REVIEW: "Windows Forensics and Incident Recovery", Harlan Carvey

Discussion in 'Computer Security' started by Rob Slade, doting grandpa of Ryan and Trevor, Mar 7, 2005.

  1. BKWNFOIR.RVW 20041224

    "Windows Forensics and Incident Recovery", Harlan Carvey, 2005,
    0-321-20098-5, U$49.99/C$71.99
    %A Harlan Carvey
    %C P.O. Box 520, 26 Prince Andrew Place, Don Mills, Ontario M3C 2T8
    %D 2005
    %G 0-321-20098-5
    %I Addison-Wesley Publishing Co.
    %O U$49.99/C$71.99 416-447-5101 fax: 416-443-0948
    %O tl a rl 1 tc 2 ta 2 tv 1 wq 2
    %P 460 p. + CD-ROM
    %T "Windows Forensics and Incident Recovery"

    Chapter one is an introduction, both to the book and to the ideas
    behind it. For once, the author does, indeed, try to define what an
    incident is. The definition is broad, but so are the possibilities.
    The intended audience is stated to be anyone interested in the
    security of Microsoft Windows, but it is instructive that, in listing
    specific groups, forensic specialists and security professionals are
    *not* mentioned. Carvey notes that a great many people would like to
    know the information that Windows forensics can provide, since the
    platform is nearly ubiquitous, but few have the knowledge of system
    internals that is necessary to find the relevant bits. Based on the
    definition of an incident as an event that violates security policy,
    chapter two demonstrates some of the ways that policy failures, and
    therefore attacks, can occur. (The rationale behind the inclusion of
    eleven pages of Perl source for a program to detect null sessions
    escapes me.)

    Chapter three reviews a number of places to hide data, but all of
    these are at the user interface level, such as setting hidden file
    attributes, placing data in unused keys in the Registry, NTFS (NT File
    System) alternate data streams (ADS), and the extra information stored
    in data files by applications like Microsoft Word. There is no
    mention of the lower level caches: slack space (whether in terms of
    zero padding, extra space in sectors, or the timing margins on hard
    disks) or page files. In addition, for those locations that are
    mentioned, specific programs for extracting particular data are
    listed, but no details of structural internals (for example formats
    for NTFS, OLE/COM, or Word) are provided for analysis with more
    general utilities. This is not to say that Carvey does not do a good
    job of explaining what he does cover: the tutorial on NTFS ADS is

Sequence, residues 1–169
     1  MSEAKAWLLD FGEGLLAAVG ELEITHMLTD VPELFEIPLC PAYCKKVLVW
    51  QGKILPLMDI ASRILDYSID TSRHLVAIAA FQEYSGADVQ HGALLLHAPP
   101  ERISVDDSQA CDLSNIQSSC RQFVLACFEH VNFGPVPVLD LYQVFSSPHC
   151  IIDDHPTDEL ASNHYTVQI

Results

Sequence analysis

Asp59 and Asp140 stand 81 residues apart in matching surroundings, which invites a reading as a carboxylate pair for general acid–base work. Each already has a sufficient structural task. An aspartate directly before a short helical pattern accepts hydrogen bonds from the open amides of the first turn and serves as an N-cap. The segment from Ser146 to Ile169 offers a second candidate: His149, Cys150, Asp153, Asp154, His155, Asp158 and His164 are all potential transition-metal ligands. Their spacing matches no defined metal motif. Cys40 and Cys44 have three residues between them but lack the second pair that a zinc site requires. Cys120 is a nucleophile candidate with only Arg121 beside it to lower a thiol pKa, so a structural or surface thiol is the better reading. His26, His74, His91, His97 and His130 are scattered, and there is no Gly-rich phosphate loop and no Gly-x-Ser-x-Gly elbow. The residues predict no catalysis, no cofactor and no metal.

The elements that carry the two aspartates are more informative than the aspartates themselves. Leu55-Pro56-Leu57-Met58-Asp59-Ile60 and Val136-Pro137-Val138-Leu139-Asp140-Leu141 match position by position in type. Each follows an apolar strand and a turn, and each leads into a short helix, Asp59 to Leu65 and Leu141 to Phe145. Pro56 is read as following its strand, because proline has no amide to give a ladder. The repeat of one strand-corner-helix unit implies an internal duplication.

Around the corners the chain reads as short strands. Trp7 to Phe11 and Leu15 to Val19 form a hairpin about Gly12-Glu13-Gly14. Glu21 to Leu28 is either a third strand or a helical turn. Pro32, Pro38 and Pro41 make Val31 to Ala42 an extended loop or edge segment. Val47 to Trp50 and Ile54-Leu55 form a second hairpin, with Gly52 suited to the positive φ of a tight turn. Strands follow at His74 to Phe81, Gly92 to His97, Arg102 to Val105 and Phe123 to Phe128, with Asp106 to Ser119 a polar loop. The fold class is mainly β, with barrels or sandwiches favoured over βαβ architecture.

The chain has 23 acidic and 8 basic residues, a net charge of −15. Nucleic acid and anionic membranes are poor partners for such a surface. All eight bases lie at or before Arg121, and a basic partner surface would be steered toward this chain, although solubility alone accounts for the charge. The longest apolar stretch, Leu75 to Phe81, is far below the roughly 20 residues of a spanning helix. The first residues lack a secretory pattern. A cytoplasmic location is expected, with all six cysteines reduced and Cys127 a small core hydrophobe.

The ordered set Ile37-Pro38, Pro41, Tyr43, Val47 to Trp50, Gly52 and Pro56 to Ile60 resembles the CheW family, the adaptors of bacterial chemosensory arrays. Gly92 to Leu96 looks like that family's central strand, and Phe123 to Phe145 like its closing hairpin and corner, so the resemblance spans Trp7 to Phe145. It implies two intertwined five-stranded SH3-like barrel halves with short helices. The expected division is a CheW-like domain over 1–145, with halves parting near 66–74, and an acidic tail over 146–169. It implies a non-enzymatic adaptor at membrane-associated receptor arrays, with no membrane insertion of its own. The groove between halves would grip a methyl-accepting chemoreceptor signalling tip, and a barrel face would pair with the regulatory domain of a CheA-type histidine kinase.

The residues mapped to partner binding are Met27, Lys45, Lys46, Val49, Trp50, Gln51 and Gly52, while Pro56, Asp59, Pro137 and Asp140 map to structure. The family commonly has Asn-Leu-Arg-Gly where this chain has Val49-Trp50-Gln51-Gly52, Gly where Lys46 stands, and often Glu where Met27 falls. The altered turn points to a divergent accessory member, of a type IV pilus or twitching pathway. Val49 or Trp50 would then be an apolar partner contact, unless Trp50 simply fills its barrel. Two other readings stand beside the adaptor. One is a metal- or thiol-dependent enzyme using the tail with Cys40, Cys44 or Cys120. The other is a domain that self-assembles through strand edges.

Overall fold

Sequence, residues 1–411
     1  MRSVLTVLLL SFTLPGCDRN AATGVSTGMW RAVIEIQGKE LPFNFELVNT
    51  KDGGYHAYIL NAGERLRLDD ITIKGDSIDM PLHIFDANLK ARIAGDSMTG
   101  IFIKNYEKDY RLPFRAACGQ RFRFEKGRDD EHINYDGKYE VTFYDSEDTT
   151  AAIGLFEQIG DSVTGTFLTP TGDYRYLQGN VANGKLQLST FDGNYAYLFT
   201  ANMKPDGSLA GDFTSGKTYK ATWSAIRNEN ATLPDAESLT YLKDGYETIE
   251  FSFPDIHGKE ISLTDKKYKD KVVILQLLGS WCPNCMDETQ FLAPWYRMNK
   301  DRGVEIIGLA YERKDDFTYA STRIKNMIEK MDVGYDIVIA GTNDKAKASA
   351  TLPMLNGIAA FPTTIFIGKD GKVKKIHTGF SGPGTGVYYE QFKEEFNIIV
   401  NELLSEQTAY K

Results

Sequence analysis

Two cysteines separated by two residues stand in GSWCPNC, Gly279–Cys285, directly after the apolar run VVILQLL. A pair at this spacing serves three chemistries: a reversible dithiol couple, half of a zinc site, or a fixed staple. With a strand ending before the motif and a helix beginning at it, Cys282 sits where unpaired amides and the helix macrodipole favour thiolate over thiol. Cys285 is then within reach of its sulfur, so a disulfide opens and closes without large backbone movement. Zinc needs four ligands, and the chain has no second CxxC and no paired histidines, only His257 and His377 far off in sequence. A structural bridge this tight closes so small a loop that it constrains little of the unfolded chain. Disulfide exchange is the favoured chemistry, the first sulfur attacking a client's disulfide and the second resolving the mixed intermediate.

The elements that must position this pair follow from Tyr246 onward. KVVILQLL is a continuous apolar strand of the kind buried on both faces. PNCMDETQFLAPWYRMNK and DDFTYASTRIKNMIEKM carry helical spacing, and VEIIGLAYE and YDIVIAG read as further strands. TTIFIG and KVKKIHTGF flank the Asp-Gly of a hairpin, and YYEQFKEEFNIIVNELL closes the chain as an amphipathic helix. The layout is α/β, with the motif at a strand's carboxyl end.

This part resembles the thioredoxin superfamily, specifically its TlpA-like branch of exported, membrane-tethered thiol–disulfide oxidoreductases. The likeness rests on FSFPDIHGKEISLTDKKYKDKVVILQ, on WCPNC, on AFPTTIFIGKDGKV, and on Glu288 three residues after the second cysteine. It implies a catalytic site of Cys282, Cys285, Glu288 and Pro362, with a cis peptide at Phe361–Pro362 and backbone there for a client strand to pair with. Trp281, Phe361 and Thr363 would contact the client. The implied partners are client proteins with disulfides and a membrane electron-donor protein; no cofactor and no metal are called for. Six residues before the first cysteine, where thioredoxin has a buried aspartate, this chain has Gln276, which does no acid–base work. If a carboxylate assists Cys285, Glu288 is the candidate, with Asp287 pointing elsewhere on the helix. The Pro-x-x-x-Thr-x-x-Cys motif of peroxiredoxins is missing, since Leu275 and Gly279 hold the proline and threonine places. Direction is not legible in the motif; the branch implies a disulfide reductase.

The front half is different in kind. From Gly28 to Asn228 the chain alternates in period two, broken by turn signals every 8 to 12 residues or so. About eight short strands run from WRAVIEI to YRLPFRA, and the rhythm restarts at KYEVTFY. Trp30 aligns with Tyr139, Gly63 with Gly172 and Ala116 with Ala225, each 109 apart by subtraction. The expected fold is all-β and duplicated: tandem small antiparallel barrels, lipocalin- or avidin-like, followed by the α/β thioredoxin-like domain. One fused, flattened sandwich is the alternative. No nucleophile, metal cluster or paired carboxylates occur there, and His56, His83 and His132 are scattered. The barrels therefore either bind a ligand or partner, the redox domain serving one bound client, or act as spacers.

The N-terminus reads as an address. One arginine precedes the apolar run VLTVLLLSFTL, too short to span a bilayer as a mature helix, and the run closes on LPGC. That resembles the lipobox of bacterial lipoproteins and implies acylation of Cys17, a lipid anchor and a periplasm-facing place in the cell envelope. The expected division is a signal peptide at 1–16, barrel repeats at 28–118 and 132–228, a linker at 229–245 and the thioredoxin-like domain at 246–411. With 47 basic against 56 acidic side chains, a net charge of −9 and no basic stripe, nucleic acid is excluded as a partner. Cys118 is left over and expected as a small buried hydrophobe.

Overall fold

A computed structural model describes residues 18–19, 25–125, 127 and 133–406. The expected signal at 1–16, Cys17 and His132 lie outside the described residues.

clear and complete. The material in chapter four addresses the issue
    of preparation by suggesting various means of hardening systems and
    networks against attack. The content is unusual, and deals with
    functions and activities that are frequently left out of security
    texts. At the same time, it does not touch on some common suggestions
    for system security: this should be seen as a complement to, rather
    than a replacement for, other Windows security works. A wealth of
    utilities for deriving all manner of information from Windows systems
    are listed and described in chapter five.

    Chapter six presents suggestions for the methods and procedures to be
    used in responding to a potential incident, but it does so in the form
    of a number of fictional examples. The stories can be instructive,
    but it does take a long time to sort through the material to find the
    relevant points to use. Various indications that can be evidence of
    the existence of malware (particularly network-based remote access
    trojans) are examined in chapter seven. The author's Forensic Server
    Project, a tool for managing forensic data collection, is presented in
    chapter eight. Chapter nine describes an assortment of network
    scanning and data capture tools.

    Although a number of areas are addressed, the text will be of greatest
    use to those who are concerned about network malware, especially of
    the remote access type. The intended audience, of experienced but
    non-specialist Windows administrators and law enforcement
    professionals with some technical background, will find a number of
    valuable indicators that will point out whether a system will reward
    further scrutiny. The professional, and particularly one with
    experience in forensic analysis, will find some very useful
    information on newer operations of Windows, but may be frustrated at
    the lack of detail. (I'm still not sure who is going to get a lot out
    of all the Perl source code ...)

    copyright Robert M. Slade, 2004 BKWNFOIR.RVW 20041224


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    Rob Slade, doting grandpa of Ryan and Trevor, Mar 7, 2005
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